Eugene Jarecki is once again a man on a mission. The director behind a cynical investigation into the American war industry (Why We Fight, 05) and two biographies of divisive American political figures (The Trials of Henry Kissinger, 02, and Reagan, 11) turns to race, poverty, and drug laws in his latest documentary. The House I Live In depicts a situation in which, to quote one talking head, “everybody involved hates what’s going on.”
In a typically ambitious project, Jarecki sets out to cover a huge amount of political, historical, and even personal ground. The film begins with an intimate glimpse into the story of Jarecki’s own childhood nanny, who lost her son to drugs, and from there goes on to show a range of interviewees including current and former drug addicts and dealers, police officers, prison guards, professors, and former police reporter and creator of The Wire David Simon. Reluctant cops express their disillusionment over increased tensions with the community, and judges bristle with bitterness about the injustices of minimum sentencing. The dealers meanwhile are not easy-to-dismiss villains but depressingly ordinary people who peddle to support families in places so poor and without prospect that they make the old mantra of “Just Say No” sound laughably naïve. All confirm Jarecki’s thesis that the War on Drugs is a vicious cycle that hurts more than it helps.
From the opening credits, which play sound bites of Obama waxing lyrical about “liberty, opportunity, and unyielding hope” over footage of convicts with their legs in chains, it’s clear that Jarecki, for better and worse, is back to doing what he does best: attacking the beliefs underpinning American complacency and self-righteousness. In this case, he aims to show how the War on Drugs is far more about race and poverty than it is about narcotics, and to challenge the typical demonizing rhetoric of politicians who vow to be “tough on crime.”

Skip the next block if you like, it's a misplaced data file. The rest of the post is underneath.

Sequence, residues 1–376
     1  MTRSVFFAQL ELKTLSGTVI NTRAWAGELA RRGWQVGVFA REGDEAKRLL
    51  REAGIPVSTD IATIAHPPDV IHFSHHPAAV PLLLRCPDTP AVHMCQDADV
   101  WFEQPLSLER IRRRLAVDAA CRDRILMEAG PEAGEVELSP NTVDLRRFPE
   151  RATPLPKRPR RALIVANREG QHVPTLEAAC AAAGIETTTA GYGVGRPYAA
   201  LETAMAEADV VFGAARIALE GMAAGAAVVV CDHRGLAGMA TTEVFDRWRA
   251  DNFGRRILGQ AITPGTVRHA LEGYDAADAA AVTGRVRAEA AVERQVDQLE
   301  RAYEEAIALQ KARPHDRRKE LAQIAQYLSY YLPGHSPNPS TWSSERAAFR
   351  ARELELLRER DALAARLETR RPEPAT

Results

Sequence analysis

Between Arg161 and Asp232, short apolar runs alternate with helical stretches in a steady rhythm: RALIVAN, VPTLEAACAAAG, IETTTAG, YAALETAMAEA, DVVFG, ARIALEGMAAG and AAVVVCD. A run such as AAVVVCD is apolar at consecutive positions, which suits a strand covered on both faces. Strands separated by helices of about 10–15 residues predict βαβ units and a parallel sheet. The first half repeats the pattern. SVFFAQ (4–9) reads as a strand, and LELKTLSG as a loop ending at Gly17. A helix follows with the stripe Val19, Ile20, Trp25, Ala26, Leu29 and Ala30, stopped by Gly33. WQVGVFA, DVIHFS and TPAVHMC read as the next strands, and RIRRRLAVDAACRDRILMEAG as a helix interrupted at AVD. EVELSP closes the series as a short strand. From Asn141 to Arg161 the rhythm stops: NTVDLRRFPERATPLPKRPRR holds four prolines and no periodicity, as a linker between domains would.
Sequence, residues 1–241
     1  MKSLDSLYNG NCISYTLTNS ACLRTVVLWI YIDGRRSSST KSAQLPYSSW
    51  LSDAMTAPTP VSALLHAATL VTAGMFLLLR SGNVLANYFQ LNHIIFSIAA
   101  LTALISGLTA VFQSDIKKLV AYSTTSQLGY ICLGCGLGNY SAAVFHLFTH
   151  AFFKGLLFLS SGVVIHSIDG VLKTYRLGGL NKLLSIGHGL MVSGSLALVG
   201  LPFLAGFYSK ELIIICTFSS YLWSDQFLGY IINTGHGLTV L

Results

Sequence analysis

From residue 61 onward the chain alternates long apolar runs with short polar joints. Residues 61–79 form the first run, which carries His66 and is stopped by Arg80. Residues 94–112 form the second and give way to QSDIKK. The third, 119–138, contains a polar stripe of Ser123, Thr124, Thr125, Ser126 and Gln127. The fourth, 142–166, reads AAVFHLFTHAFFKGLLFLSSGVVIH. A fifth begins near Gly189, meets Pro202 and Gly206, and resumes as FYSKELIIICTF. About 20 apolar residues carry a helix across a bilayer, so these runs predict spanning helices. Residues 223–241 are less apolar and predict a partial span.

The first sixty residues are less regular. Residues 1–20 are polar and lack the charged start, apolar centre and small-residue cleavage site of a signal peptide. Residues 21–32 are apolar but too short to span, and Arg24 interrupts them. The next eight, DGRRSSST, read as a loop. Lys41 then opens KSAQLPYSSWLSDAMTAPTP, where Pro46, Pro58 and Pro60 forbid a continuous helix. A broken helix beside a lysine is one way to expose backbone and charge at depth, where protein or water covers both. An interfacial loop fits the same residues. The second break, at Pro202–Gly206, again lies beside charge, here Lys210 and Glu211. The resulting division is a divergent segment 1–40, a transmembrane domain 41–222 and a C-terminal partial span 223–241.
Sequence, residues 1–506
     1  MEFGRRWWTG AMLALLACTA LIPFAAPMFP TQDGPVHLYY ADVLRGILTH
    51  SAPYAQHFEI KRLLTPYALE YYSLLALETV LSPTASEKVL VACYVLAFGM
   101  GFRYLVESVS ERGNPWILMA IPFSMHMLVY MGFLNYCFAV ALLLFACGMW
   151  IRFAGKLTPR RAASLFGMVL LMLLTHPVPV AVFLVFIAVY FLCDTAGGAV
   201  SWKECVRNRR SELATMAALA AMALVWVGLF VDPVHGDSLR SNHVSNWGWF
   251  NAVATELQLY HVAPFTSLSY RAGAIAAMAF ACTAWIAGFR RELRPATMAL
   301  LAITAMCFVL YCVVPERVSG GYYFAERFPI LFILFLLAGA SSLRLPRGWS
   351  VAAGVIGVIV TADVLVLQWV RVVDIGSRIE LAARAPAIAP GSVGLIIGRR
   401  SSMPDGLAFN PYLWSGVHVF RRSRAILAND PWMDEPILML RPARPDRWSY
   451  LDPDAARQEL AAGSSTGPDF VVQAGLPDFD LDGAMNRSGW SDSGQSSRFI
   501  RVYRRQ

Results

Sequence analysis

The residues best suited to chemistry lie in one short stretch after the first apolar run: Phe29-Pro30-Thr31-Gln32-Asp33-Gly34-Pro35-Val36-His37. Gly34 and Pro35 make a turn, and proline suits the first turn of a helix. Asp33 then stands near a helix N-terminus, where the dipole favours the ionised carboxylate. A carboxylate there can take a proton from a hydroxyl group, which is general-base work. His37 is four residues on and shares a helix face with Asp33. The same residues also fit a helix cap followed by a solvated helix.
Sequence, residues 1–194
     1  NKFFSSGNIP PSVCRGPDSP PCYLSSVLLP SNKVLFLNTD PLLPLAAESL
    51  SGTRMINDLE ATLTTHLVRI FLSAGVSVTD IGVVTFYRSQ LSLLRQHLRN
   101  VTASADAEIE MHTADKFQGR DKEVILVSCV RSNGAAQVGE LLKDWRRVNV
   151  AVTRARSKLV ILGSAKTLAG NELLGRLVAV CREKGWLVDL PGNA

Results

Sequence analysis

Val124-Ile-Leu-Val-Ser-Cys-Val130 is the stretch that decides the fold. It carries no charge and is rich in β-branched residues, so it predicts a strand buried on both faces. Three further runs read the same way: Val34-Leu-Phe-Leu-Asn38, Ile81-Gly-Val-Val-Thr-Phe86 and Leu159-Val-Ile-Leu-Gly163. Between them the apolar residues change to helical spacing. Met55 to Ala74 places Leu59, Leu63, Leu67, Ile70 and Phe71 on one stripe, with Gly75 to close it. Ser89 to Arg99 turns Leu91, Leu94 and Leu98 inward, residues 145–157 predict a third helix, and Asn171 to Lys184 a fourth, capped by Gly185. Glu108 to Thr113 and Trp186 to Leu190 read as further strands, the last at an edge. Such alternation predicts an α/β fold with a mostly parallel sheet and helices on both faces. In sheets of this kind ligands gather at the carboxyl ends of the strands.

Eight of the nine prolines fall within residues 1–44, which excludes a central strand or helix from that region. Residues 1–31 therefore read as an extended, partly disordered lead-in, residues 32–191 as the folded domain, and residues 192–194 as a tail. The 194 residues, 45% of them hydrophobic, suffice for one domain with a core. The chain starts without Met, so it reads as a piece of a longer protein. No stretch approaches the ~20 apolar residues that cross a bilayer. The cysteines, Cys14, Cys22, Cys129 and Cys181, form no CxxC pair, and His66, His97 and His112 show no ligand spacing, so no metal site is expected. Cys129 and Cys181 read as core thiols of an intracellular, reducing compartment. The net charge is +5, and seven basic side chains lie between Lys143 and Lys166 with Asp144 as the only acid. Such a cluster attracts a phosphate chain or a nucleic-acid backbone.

Jarecki has a propensity for preachiness, and that, along with a slightly overambitious and disorganized approach, was the biggest shortcoming of Why We Fight. These problems persist in his latest project (which, like Why We Fight, won the Grand Jury Prize at Sundance), but they are less grating in the context of an impassioned social commentary. By the end of the film, however, Jarecki gets carried away with the importance of his message. His insistence on analyzing the drug war as a symptom of a global human condition—a lecture-plus-montage explicates the incarceration of drug dealers as a social need to fight a constructed enemy “Other”—finally crosses the line from rightfully concerned into righteous and annoying. The climactic sequence that portrays the War on Drugs as a class-based version of the Holocaust is clearly intended as a provocation. Yet the visual juxtaposition of urban ghettos with World War II concentration camps, along with dark prophecies about the inevitable “next step” (i.e., killing the poor), come across as an unnecessary and rather tasteless way of hammering home his otherwise skillfully made arguments.
Jarecki’s tendency to sermonize is especially disappointing because what really gives the film its power, apart from its disturbing statistics, are the moments of basic empathy: relatives of minimum-sentencing convicts bearing baby photographs, weary cops cracking half-hearted jokes at crime scenes, and, in one especially poignant interview, a former drug dealer whose son is now in jail. The man breaks down in tears as he relates his feelings of helplessness: “I got these two little boys, pretty boys, and I don’t know how to really be they dad.” The documentary’s attempts at arousing sentiment can at times feel belabored, but Jarecki’s concern and outrage on behalf of the oppressed is still catching. Despite its flaws, The House I Live In remains a humane examination of a large-scale problem and more successful than Why We Fight at accomplishing the social-issues documentarian’s eternal mission to Make Us Care.